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  • Julie Haase

Why Indie Authors Need Professional Help

We’re not talking mental health here, although some would argue otherwise (one must be crazy to take on the challenge of self-publishing!). No, we’re talking about professional service providers: editors, cover designers, interior layout designers, and proofreaders, specifically.


What’s the big deal? you wonder. With services like Grammarly, Canva, and KDP, who needs professionals anymore? Well, you might be surprised.


Editors/Proofreaders

Professional editors and proofreaders (they are not the same thing) are experts in finding and correcting errors, improving the quality of an author’s writing, and making the text look and read like professional copy.


Grammarly and other digital services like it cannot do all that, no matter what their ads tell you. Why? Because those services cannot understand nuance and context. And they definitely don’t understand poetry. They can only check for what they’ve been programmed to, while a human being—one trained and experienced in the field—can do so much more.


Here’s an example: Say you’re a poet who likes to put a period at the end of each stanza but otherwise uses very little punctuation. You have a collection of poetry that you send to an editor who notices that two of your poems are somewhat heavy with internal punctuation. The editor questions whether or not you’d like to make those two poems consistent with your overall style.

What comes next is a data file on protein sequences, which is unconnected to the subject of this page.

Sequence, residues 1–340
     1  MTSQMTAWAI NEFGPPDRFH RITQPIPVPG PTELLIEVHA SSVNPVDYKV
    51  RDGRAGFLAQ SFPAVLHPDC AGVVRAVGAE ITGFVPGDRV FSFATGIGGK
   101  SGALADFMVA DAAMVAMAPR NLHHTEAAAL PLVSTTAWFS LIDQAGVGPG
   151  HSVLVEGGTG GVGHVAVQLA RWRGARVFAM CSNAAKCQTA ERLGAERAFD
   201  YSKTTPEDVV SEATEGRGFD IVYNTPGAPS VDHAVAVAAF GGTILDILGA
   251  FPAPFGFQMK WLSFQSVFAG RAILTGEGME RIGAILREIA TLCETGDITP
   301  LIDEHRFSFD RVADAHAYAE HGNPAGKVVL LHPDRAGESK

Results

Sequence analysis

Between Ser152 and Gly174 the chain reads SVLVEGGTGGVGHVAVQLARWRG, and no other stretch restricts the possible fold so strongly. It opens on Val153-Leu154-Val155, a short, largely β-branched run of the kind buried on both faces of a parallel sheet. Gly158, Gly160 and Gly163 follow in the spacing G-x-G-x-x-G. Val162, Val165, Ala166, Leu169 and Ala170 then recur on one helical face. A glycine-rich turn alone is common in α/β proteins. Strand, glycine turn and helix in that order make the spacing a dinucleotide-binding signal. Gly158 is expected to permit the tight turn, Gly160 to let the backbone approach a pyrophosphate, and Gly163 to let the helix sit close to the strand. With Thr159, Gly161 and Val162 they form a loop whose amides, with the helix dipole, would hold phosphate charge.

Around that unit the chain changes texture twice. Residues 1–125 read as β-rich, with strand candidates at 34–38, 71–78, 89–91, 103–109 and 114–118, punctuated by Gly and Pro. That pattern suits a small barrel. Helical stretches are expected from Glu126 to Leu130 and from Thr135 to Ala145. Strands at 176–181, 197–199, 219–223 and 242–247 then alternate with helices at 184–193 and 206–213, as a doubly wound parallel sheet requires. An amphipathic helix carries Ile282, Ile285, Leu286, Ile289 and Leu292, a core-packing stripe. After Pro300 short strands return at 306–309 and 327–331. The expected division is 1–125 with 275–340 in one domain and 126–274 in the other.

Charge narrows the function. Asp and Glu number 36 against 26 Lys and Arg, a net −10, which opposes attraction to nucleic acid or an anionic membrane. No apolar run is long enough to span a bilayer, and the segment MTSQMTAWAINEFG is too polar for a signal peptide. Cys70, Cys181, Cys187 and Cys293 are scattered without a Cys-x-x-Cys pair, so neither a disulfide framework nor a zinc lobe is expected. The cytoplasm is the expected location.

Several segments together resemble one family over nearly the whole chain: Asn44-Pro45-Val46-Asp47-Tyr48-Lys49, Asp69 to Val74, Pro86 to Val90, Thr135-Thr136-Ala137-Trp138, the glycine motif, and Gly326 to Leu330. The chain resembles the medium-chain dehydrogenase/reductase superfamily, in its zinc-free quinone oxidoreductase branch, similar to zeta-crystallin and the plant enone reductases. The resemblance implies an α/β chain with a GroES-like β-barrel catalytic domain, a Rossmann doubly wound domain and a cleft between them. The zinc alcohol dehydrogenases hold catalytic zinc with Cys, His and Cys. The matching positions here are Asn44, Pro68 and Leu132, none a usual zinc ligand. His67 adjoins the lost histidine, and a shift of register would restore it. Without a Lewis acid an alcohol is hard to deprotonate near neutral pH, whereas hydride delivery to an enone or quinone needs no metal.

With all due respect, Grammarly can’t do that.


And what about your aunt or your best friend or your wife? They’re good at grammar. Why not just have them do it? Because they haven’t been trained in industry standards and specific styles, and they likely don’t have the resources that professionals have. They also don’t have an eye for all the types of mistakes people make. Can you or your best friend spot an extra space between two words? A professional proofreader can.


And before we move on, just in case you’re wondering, the difference between editors and proofreaders is this: Editors check for all sorts of stuff, including consistency, grammar, punctuation, capitalization, readability, inappropriate content, and much more. Proofreaders check the manuscript after it has been formatted for publication. They look for errors including page numbers, footnotes/endnotes, spelling, consistency of punctuation, capitalization, and heading styles, and other errors that can cause a book to look less than professional.


Cover Design

There are two major advantages to hiring professional cover designers. The first is that you have the opportunity to get totally original images that no one else has, unlike with a service like Canva where everyone is pulling from the same image library. And even if the designer uses stock imagery, they will be able to use it in ways that are unique to your design.


The second major advantage is that many designers either specialize in a particular genre, so they know the requirements of that market, or they offer market research as part of their service (usually built into the price). Either way, they are able to customize a cover for you that is likely to appeal to your target readers.


When you’re looking for a professional designer (I keep saying “professional” because that’s an extremely important requirement), be sure to ask a few key questions:

  1. Do you use stock images and, if so, who owns the rights to those images and how will I be able to use them in my marketing campaigns? This is important, because if stock images are not properly licensed and that licensing owned by you, then you may not be able to repurpose the images for your marketing materials and you may, in fact, not even be able to use them, legally, on your book cover. Yikes!